Rehabilitating Afghanistan was a Herculean task, one that we treated with indifference, if not contempt. Our neglect simply allowed the rot to spread making our job exponentially more difficult as the years progressed.

The warlords who, all on their own, doom Afghanistan's hopes of progress were at their very weakest the day the Taliban were sent packing into Tora Bora. Like the Taliban they were exhausted from years of fruitless civil war. That was our moment to isolate and marginalize them and we let it slip through our fingers. We appointed one from their ranks to be president and he allowed the others to hold the levers of power.

Now the insurgency is morphing into a civil war, a subtle but important distinction indicated by the guerrilla force actually assuming the trappings of control and power to unseat the authority of the central government.

Back to civil war - full circle. And it's back to feudalism for the country's women and children.

We have no one to blame for this but ourselves. We refused to see that it was bound to happen and we failed to act when we had the chance.

Comrade One said...

Pretty much sums it up. Except the naive thinking that we could fix anything. Surely there were people in positions of influence who knew that a small Nato force and a can of varnish as you put it, didn't stand a snow balls chance in a warm place, of effecting a long term solution. They didn't even have to go that far back in their History books in order to have some grasp of what they were getting involved in.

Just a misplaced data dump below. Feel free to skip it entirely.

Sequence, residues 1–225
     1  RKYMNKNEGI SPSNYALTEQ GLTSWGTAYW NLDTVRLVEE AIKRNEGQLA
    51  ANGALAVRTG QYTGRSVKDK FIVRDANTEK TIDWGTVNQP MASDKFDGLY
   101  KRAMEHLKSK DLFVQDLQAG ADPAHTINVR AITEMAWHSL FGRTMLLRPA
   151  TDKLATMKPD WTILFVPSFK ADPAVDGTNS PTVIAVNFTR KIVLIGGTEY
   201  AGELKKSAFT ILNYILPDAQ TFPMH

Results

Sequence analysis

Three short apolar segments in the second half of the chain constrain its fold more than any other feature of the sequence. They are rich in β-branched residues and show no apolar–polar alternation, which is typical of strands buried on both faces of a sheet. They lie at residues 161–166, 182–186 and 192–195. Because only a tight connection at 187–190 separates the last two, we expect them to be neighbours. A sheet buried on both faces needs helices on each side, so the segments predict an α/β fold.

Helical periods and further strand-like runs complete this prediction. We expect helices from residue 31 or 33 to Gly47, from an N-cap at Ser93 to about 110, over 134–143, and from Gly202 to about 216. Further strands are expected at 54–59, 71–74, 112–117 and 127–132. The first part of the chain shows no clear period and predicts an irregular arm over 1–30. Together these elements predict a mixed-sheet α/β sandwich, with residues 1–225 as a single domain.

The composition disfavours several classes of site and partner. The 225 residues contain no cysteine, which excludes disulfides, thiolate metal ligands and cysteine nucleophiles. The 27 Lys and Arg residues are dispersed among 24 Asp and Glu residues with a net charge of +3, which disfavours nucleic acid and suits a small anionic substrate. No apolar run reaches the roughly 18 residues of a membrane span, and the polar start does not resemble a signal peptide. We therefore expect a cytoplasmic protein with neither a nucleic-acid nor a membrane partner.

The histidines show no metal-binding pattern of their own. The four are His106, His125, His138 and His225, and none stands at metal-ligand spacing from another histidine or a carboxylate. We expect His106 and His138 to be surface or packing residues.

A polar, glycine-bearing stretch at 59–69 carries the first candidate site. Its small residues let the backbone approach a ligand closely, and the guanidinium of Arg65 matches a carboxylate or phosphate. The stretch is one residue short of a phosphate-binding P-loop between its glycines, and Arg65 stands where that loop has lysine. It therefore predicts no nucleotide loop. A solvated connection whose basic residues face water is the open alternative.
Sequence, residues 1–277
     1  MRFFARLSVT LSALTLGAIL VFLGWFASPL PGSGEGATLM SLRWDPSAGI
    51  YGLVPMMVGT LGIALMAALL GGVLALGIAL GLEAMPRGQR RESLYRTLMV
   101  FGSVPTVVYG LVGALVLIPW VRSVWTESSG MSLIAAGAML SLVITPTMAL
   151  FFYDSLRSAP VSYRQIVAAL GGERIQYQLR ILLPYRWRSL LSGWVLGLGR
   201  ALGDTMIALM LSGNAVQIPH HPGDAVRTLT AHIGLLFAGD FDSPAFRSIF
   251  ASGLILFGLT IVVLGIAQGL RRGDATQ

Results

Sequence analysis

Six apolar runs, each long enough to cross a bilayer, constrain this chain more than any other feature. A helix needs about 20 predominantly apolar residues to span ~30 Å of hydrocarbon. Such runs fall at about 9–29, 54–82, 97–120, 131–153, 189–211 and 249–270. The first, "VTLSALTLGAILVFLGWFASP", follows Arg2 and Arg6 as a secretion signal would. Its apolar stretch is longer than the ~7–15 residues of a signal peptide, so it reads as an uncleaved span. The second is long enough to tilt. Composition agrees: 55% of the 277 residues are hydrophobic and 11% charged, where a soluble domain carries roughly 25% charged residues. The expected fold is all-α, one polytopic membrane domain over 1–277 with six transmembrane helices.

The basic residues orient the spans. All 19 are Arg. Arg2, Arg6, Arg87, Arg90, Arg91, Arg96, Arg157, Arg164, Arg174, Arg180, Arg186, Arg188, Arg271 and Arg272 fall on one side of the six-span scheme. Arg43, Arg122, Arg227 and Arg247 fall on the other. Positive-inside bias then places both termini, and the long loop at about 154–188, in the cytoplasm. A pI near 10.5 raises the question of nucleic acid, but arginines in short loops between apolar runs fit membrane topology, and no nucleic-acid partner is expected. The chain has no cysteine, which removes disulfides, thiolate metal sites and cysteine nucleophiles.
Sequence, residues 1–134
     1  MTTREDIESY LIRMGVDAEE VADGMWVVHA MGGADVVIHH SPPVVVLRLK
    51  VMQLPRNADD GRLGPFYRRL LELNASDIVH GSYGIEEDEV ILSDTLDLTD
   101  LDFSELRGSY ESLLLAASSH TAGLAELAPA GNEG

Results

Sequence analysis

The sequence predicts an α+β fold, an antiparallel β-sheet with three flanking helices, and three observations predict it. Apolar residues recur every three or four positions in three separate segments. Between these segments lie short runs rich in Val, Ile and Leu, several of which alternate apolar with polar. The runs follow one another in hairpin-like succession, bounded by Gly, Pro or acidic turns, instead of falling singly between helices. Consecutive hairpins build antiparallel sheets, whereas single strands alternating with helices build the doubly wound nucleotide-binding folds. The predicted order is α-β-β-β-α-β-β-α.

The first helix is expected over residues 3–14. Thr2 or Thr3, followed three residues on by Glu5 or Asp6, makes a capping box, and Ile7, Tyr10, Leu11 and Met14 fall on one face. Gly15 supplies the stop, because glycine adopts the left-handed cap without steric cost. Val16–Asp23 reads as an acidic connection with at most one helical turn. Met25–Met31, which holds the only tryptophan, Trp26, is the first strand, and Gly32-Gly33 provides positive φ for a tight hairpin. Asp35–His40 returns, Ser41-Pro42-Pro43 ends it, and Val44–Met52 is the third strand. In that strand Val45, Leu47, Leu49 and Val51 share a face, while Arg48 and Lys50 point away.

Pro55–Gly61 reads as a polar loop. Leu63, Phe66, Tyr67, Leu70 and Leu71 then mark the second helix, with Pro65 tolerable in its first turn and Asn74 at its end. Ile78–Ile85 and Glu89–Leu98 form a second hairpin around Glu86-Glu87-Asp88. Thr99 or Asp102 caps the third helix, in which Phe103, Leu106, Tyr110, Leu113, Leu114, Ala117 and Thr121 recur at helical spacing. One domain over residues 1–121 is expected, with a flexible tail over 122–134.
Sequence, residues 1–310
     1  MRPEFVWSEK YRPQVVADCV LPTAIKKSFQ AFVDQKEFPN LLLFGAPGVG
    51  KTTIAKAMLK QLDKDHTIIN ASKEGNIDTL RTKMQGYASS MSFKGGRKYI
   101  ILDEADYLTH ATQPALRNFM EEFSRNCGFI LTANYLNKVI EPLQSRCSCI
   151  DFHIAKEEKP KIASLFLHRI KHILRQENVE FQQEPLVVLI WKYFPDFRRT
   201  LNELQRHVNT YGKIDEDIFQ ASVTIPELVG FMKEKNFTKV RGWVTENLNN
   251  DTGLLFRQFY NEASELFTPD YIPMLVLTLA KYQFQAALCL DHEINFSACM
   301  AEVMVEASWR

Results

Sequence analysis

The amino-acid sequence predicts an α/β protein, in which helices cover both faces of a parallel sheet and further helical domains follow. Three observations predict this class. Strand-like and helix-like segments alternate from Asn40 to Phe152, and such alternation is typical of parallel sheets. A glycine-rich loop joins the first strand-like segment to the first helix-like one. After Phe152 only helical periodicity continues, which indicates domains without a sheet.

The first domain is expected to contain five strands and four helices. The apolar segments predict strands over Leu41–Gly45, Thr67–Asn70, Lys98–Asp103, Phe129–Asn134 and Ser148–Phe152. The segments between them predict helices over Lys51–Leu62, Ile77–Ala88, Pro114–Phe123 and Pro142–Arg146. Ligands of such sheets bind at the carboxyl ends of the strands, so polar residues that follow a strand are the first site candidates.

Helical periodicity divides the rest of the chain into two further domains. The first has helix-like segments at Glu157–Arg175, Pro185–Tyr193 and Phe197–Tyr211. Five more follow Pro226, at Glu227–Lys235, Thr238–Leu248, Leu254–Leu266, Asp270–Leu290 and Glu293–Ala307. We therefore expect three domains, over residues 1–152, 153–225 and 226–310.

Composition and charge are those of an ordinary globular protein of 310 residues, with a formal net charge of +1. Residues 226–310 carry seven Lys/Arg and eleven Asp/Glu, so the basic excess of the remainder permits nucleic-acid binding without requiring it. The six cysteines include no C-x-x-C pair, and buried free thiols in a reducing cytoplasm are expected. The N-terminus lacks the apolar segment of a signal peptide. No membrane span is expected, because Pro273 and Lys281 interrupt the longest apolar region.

I recall having mixed feelings when our government announced it's (our) initial involvement. I could sympathize with wanting to help in light of the 911 attacks, but I said at the time, if we go there, we had better be prepared to stay for a very very long time. If someone like me, with no foreign service exposure whatsoever knew this, I can only speculate why our supposedly wise leaders didn't seem to get it.

Politics is one thing, stupid politics is another.

The Mound of Sound said...

"Eating Knife with a Spoon" Comrade. It's a post I did in September, 2007 when we still were claiming we were in this thing for an all out win. It's also how T.E. Lawrence ("of Arabia") described the challenge facing a conventional force against an insurgency.

Apparently the Canadian general who thought it'd be just dandy to send 2,500 Canadians, representing a fighting force of just 1,000, to control Kandahar province hadn't read Lawrence - or Giap or Guevera or Tito or even Caesar. He didn't understand why Hadrian had built that wall. It didn't dawn on him that, when it comes to insurgency, the Pashtu are the "Pros from Dover," probably the most experienced and successful practitioners of guerrilla warfare in the history of the planet.

Our leaders didn't understand that our side rarely wins these things and, when it does, it fights to win and follows the relatively simple, cardinal rules of counterinsurgency warfare - none of which we followed. Our commanders apparently didn't grasp that a tiny force hunkering down in garrisons and fire bases is just the opposite of "fighting to win." It's nothing more than fighting to lose while vainly treading water.

Canadian foot soldiers are uniformly great and enjoy a well-earned reputation. Canadian generals, by contrast, have had a very spotty record. You can name the good ones on one hand. There won't be anybody from Afghanistan joining their ranks.